Students Expect More During Black History Month

Many feel that the month is under celebrated and under acknowledged at Strath Haven.

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Students Expect More During Black History Month

Ava Szepessy & Emma Hunter, Staff Writers

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Everyone who has gone through the Wallingford-Swarthmore School District has spent February learning about Dr. Martin Luther King Jr. and the Civil Rights Movement, giving presentations on Harriet Tubman’s Underground Railroad, watching Martin and Me, and hearing teachers talk about Rosa Parks and Ruby Bridges.

However, in learning all of these things, it becomes very easy to misconstrue the reasoning behind Black History Month and the necessity of learning black history.

It was Carter G. Woodson, a black historian, who founded Negro History Week in 1926. “If race has no history, if it has no worthwhile tradition, it becomes a negligible factor in the thought of the world,” Woodson said. In other words, there can be no equality if a nation cannot value a race. The idea was that appreciating a people’s history was a necessary prerequisite to equality.

The United States often tries to fix the issue of racism through policy. However, these policies cannot change Americans’ inherit view that our story is one of white men, while completely ignoring the important and fundamental role that black people played in building our country.

For example, landmark Supreme Court case Brown vs. Board of Education, which supposedly insured equal education for people of all races, has not stopped the blatant racial inequality in schools. The Fair Housing Act of 1968 has done little to prevent segregation and redlining in housing. The Voting Rights Act of 1965 does not stop the disparity between black and white voters. After looking at all these policies and their shortcomings, it becomes clear that Woodson’s ideas of appreciating a people’s history still remains relevant in improving a country.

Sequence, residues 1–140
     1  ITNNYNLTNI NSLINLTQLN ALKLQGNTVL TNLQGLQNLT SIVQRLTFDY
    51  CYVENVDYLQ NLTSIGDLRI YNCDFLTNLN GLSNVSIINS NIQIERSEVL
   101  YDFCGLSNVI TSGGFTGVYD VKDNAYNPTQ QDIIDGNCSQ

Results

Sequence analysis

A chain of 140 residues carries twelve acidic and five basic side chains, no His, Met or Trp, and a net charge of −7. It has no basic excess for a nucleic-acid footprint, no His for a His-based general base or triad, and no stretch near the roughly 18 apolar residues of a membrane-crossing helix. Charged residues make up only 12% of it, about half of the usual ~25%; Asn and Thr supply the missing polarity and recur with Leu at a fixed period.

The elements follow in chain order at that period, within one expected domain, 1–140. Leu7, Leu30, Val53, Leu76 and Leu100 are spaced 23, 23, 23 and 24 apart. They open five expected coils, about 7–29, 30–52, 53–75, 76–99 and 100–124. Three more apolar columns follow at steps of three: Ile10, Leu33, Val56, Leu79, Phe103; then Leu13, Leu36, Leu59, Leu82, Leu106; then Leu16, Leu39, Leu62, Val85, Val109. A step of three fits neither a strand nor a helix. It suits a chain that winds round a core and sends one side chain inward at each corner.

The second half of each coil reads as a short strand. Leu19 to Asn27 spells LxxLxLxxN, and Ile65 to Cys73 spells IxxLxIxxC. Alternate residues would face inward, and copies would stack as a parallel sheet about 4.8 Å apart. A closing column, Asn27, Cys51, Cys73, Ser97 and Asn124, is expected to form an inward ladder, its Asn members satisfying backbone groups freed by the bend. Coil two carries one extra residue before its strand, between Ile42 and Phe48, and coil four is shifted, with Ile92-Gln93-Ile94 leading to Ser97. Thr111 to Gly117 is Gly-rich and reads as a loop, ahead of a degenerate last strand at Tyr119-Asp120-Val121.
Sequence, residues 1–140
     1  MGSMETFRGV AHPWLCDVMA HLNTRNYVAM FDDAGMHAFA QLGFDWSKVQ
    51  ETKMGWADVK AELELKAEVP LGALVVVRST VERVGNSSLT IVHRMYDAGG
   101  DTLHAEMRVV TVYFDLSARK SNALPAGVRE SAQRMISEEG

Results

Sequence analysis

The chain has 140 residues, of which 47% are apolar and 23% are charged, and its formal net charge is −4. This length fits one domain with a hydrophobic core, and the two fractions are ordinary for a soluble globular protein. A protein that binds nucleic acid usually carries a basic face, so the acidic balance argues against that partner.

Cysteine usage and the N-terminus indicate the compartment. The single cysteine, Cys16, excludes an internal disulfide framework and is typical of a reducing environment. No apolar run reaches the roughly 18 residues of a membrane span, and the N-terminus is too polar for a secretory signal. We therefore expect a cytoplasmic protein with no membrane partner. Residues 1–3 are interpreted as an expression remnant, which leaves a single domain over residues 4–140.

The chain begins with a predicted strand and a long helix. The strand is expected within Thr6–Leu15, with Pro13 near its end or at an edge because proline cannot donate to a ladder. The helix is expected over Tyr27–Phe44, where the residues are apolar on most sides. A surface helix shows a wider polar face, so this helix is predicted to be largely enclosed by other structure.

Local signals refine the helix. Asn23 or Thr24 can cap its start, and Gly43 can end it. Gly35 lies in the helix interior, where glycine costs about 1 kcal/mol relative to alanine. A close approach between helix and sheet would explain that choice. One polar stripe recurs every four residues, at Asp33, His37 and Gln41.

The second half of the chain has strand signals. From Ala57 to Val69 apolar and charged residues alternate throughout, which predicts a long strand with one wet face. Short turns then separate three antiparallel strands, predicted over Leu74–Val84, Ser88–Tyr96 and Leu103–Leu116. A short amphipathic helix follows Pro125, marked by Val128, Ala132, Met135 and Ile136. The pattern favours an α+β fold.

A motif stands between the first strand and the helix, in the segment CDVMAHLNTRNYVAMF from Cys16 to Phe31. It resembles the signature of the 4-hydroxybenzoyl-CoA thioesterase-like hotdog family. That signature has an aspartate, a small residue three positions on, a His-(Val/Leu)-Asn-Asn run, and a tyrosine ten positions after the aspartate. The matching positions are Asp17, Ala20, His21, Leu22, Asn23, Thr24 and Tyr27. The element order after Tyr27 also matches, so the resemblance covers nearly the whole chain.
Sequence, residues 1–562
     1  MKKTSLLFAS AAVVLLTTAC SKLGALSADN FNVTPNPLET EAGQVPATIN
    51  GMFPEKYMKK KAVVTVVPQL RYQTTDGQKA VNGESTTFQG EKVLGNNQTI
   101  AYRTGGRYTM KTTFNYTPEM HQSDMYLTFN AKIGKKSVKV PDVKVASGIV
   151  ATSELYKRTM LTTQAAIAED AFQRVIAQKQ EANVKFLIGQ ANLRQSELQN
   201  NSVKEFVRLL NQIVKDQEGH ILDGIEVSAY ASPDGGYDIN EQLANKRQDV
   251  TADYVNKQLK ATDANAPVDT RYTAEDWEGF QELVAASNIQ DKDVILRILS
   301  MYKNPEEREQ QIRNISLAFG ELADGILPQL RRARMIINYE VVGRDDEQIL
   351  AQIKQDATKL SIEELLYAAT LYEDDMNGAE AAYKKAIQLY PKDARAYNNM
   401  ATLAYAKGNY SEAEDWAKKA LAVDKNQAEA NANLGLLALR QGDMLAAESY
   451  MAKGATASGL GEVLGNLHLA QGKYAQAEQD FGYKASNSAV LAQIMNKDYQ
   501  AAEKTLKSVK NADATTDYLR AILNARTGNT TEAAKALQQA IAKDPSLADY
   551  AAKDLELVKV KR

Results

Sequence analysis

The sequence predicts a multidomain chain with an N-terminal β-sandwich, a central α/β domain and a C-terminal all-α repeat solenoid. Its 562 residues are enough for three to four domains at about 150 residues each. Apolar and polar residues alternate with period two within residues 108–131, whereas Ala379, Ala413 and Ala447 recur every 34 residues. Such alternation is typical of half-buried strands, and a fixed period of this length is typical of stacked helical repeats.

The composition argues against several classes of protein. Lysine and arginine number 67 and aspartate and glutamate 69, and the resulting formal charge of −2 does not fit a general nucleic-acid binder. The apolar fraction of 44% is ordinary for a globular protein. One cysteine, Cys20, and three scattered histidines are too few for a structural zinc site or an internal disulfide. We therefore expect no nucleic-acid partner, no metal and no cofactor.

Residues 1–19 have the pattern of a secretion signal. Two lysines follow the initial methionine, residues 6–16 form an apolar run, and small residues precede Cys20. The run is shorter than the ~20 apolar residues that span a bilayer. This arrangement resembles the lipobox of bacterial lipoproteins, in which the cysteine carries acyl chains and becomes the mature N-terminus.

Even Strath Haven, a school which takes pride in being diverse and progressive, falls short in promoting Black History month. Talking to students at Strath Haven, a major concern is that the school does very little to actually acknowledge the month. “Strath Haven High School no longer does anything to celebrate Black History Month,” an eleventh grader said. Another junior voiced the same concern, saying, “Not many people seem to care.”

US History teacher Mr. Babcock and English teacher Mr. Zakrzewski, however, discussed ways in which Strath Haven has celebrated Black History Month in the past. Mr. Babcock talked about Strath Haven hosting school-wide assemblies regarding Black History Month, as well as the announcements including facts about the black history. Mr. Zakrzewski also mentioned the bulletin boards hung up in the history department. Despite these positives, Mr. Babcock also expressed his worries about the way the school educates about black history, stating that it “may lead to a trivialization of a people or culture”.

In addition, both students and teachers discussed the problem of letting the month replace

what should simply be incorporated into everyday curriculum. One student said, “We separate black history unjustly from American history, and take only a month to educate students [with] basic information.” Mr. Babcock actively tries to avoid this problem; “If I do my job well enough, everyday should be Black History Month. All American experiences should be valued, taught, and done so within the fabric of the curriculum,” he said. He also explained how he tries to make sure he covers all American experiences — black, white, women, men, etc. — to ensure that “no one [feels] like they are on the outside looking in at their own country.” Similarly, Mr. Zakrzewski has tried to increase the diversity of voices represented in his class by bringing in books like Passing by Nella Larsen and Kindred by Octavia Butler, which are both told from the point of view of black Americans, with the hope that his students will learn from the value those perspectives offer.

Ultimately, students agree that change is needed in both the everyday curriculum and how the school handles Black History Month. While everyone appreciates the effort Strath Haven makes to honor this month and diversity overall, they agreed that it seems necessary to revisit the school’s approach to Black History Month.

Today, this issue seems more important than ever. It’s a problem that goes beyond our school. Statistics show that while Black people only make up thirteen percent of the US population, they account for a disproportionate percentage of people killed by police. The black incarceration rate is five times that of whites, black unemployment remain at twice the rate of white Americans, and black wealth is ten times less than white wealth.

Perhaps teaching black history does not ensure equality. Knowing George Washington Carver developed 300 products of peanuts doesn’t mean that incarnation rates will change or that wealth disparity will end. But certainly learning black history should go beyond peanuts, and if we fail to impart the knowledge of black people’s role in the United States it creates a deep problem for our nation.